The idea of passing or slipping a single card from the top to the bottom of the deck is centuries old. An early example of this sleight at the gaming table appeared in L’Antidote ou le contrepoison des chevaliers d’industrie, 1768, p. 76 of the Pieper translation. This book was translated in Gibecière, Vol. 7 No. 2, Summer 2012, p. 60-175. The One-Card Middle Pass is of similar vintage, and is probably accidentally rediscovered by every magician while attempting to master the standard Pass. Victor Farelli, in Farelli's Card Magic, Part Two, 1933, p. 63, mentions that John Henry Anderson used this sleight, which would probably be in the mid-1800s. Farelli credits the sleight to Anderson, but this seems incautious. The sleight must predate Anderson, as suggested by the following entry by Henri Decremp.
It is a small step from slipping the top card to the bottom to reversing it along the way, revolving it face up around the side of the deck. This may be considered the original method for the Half Pass. It was also done with a portion of the deck. An early description of this–perhaps the first–is given in the context of a Card at Any Number effect, described by Henri Decremp in Le Testament de Jérôme Sharp, 1785, p. 161 of the Hugard translation (unpublished).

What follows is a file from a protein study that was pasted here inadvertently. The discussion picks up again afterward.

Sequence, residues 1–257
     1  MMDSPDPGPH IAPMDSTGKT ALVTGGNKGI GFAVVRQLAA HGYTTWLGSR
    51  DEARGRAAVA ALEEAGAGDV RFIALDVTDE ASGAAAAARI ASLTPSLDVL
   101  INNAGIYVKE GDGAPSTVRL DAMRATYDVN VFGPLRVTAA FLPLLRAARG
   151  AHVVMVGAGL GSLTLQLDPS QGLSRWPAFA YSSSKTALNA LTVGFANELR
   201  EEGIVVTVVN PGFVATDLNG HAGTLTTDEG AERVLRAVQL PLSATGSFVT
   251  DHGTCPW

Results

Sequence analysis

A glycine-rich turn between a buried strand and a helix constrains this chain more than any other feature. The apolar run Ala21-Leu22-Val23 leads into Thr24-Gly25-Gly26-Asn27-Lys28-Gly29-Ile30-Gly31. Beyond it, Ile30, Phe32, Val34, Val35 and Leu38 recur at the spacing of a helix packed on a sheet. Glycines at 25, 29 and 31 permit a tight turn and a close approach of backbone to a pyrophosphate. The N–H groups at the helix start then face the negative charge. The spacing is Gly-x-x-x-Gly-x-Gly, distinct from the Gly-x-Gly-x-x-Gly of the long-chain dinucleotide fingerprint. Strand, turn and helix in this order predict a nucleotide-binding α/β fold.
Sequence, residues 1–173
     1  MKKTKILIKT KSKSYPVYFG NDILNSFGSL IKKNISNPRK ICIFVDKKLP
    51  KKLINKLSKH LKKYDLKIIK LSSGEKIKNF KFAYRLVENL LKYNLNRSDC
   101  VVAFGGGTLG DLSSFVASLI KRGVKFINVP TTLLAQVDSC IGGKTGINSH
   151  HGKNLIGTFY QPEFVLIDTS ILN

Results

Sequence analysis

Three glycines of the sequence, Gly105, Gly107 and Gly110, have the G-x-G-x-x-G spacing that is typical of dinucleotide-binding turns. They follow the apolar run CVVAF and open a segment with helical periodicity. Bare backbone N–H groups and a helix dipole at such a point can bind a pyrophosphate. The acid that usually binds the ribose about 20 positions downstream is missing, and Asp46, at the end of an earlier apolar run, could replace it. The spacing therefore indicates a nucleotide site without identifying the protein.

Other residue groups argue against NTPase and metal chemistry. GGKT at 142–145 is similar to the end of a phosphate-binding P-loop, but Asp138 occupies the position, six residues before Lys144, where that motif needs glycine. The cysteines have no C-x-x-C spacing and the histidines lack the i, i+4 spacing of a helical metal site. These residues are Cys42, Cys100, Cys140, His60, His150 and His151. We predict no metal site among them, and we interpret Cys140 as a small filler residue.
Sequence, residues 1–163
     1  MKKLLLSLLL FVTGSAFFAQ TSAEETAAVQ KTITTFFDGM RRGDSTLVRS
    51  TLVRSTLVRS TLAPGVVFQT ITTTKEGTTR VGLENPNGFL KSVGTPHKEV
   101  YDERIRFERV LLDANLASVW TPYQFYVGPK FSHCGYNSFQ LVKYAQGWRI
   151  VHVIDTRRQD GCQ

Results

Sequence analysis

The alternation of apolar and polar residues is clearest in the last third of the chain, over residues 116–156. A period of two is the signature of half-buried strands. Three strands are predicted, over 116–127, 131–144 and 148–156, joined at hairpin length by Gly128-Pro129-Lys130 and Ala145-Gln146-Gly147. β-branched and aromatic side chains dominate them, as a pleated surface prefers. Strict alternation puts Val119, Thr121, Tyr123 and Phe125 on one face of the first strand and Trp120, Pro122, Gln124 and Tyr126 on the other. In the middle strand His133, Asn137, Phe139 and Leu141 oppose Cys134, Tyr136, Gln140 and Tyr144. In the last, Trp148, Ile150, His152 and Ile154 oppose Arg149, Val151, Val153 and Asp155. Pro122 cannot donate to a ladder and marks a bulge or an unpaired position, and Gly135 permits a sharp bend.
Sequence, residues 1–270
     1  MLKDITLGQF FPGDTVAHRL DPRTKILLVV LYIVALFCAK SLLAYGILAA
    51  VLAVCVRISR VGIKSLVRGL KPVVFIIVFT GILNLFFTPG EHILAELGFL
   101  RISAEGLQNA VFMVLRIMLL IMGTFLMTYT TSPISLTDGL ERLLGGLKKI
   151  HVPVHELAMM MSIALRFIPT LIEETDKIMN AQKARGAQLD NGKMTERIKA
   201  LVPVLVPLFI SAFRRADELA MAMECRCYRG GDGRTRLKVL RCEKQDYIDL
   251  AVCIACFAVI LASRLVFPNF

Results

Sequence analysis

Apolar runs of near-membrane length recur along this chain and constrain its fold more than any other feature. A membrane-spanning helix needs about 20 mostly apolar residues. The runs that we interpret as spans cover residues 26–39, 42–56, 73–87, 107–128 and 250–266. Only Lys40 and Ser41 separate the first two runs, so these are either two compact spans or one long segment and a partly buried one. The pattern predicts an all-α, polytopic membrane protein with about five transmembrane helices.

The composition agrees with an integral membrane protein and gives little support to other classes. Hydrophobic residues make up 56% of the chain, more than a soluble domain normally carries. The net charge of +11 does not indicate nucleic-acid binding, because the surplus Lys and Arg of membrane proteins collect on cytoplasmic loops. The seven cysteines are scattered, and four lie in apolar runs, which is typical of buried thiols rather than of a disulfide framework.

There is also a variant of the move, done while passing-slipping a single card from the center to the bottom, in which the card is rotated around the lower packet to a reversed condition on the bottom. W. G. Craigen describes this in “A 'Sleight' Improvement” in The Magic Wand, Vol. 18 No. 142, June-Sep. 1929, p. 66. The “improvement” he was referring to is the use of this one move in place of needing two moves to accomplish a reversed-card effect by Verrall Wass: the traditional Pass followed by the original version of the Half Pass mentioned above. Craigen concludes by writing: “I don't for one moment suppose that this 'Sleight' Improvement is original, but I have never seen it described in print or known it to be used by any other conjurer.” Indeed, in commenting on this item in the next issue of the same journal (Oct-Nov. 1929, p. 118), Verrall Wass writes that “Mr. Craigen's method is already known to me.” The origin of all these single-card passes and pass reversals likely goes back centuries.